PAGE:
The Roots of Progress

The New Organon

Francis Bacon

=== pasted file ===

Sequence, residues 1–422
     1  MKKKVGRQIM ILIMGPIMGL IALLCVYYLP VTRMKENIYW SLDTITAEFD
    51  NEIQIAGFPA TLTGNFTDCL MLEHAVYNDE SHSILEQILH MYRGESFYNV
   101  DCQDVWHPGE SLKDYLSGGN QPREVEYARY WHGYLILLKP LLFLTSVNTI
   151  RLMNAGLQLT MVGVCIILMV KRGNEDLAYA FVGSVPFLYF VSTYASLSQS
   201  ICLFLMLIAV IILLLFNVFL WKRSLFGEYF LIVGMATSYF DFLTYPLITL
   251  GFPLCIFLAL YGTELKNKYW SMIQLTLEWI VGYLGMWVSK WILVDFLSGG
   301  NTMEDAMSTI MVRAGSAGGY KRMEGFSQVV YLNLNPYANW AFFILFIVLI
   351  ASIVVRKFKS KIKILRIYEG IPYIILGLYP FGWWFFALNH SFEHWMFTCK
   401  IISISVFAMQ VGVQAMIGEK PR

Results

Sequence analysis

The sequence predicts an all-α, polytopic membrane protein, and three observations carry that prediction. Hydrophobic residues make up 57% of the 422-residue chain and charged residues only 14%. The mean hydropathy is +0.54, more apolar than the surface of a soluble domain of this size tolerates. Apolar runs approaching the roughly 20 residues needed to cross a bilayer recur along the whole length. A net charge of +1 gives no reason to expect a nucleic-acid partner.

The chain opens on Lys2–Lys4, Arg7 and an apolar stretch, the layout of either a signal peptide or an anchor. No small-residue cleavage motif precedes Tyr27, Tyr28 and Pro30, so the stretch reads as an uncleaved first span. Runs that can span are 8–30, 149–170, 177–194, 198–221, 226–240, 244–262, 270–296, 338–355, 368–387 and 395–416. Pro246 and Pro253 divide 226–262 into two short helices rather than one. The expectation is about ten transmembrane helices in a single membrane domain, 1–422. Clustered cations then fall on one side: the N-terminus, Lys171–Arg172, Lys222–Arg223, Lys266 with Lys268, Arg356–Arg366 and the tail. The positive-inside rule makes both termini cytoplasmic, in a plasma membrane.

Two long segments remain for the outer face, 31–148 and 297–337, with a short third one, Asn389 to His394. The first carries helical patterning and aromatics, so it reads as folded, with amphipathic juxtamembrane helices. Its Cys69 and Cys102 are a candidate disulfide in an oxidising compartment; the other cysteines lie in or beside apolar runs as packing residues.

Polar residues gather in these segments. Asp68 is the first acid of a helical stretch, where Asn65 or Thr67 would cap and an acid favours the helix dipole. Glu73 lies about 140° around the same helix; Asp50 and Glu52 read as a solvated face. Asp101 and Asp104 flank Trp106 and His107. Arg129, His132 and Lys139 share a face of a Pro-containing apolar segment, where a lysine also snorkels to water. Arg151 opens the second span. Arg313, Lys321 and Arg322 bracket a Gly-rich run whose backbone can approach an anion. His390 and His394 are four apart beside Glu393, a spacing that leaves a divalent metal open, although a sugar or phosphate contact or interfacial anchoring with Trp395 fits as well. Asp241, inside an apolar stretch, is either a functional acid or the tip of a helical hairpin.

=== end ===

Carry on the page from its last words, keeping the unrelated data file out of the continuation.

In addition to the parts everyone knows (“knowledge is power,” “nature to be commanded must be obeyed,” etc.), most of the book is devoted to explaining a long list of specific ways that scientists should observe nature and types of evidence they should collect. In some ways he is amazingly prescient (he figures out, essentially correctly, that heat is a form of motion); in others he is surprisingly behind (he rejected the geocentric theory as late as the 1620s). Most relevant to my current work is his argument for why we should expect progress to be possible: he cites previous inventions and discoveries, including the compass, gunpowder, and the printing press, and extrapolates from these to imagine that there are more inventions waiting to be discovered—which there were.

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